Elizabeth Nolan Brown // Blog

media. music. feminism. food. city-dwelling. story-telling. and other things.

High-brow & low-brow gentrification defenses …

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I happened to read both this review from the June issue of the Atlantic (“Gentrification and It’s Discontents”) and this op-ed on BushwickBK.com (“In Defense of ‘Hipsters’ and the Controversial Practice of Moving to a City Not of One’s Birth”) last weekend, and found the parallels kind of interesting & amusing.

Atlantic editor Benjamin Schwarz reviews two recent urban-ecology books—Michael Sorkin’s Twenty Minutes in Manhattan and Sharon Zukin’s Naked Cityin what more or less amounts to a takedown of Jane Jacobs acolytes, and one that had me chuckling out loud a few times at that (which may be more of a reflection on my sense of humor than profound hilarity). Schwarz writes:

Even if Zukin and Sorkin bemoan the city’s deindustrialization and are wistful for the higgledy-piggledy way manufacturing was scattered throughout New York (diversity! mixed use!), they’re compelled to make clear that they don’t miss the sweatshops and the exploitative, horrible life that went with them. And recall that the Triangle Shirtwaist Factory, in the heart of the Village on a block fronting Washington Square, burned in the second decade of the 20th century […] Which means that even hazy melancholy for the New York of regular Joes with lunch pails returning after a good day’s work to their neighborhoods of kids playing stickball and corner drugstores dispensing egg creams can only evoke scenes pretty much limited to the years of the LaGuardia administration.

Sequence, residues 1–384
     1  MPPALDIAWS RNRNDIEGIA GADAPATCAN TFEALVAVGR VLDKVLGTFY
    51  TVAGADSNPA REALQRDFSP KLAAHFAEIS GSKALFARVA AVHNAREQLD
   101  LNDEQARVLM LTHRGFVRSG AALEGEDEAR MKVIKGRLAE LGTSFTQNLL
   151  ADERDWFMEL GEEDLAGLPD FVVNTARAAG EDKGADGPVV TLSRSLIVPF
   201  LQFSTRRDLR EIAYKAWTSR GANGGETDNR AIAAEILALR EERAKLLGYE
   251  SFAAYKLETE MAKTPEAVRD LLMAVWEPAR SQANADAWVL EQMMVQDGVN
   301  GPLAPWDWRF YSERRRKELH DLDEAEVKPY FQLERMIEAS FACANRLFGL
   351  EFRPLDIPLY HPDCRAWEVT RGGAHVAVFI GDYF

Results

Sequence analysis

And:

Thanks to the profound influence that The Death and Life of Great American Cities has exerted, the West Village circa 1960 has come to epitomize—really to be the blueprint for—the urban good life. But in its mix of the new and the left over, in its alchemy of authenticity, grit, seedy glamour, and intellectual and cultural sophistication, this was a neighborhood in a transitional and unsustainable, if golden, moment.

He goes on to explain how the same cycle—industrial to bohemian to yuppie (or insert whatever adjectives make sense to you)—played out in SoHo, Tribeca and the East Village, and is currently playing out in parts of Brooklyn, and he mocks the authors’ romanticizing the precise moment on that spectrum that confers the most benefits on people like themselves:

… it’s clear that they pine for—and mistake as susceptible to preservation—the same sort of transitional moment Jacobs evokes in Death and Life, when an architecturally interesting enclave holds in ephemeral balance the emerging and the residual. Such neighborhoods still contain a sprinkling of light industry and raffish characters, for urban grit, and a dash of what Zukin calls “people of color,” for exotic diversity. Added to the mélange are lots and lots of experimental artists (for that boho frisson) and a generous but not overwhelming portion of right-thinking designers, publishing types, architects, and academics, and the one-of-a kind boutiques and innovative restaurants that will give them places to shop and brunch.

Zukin declares that she “resent[s] everything Starbucks represents,” which really means that her urban ideal is the cool neighborhood at the moment before the first Starbucks moves in, an ever-more-fleeting moment.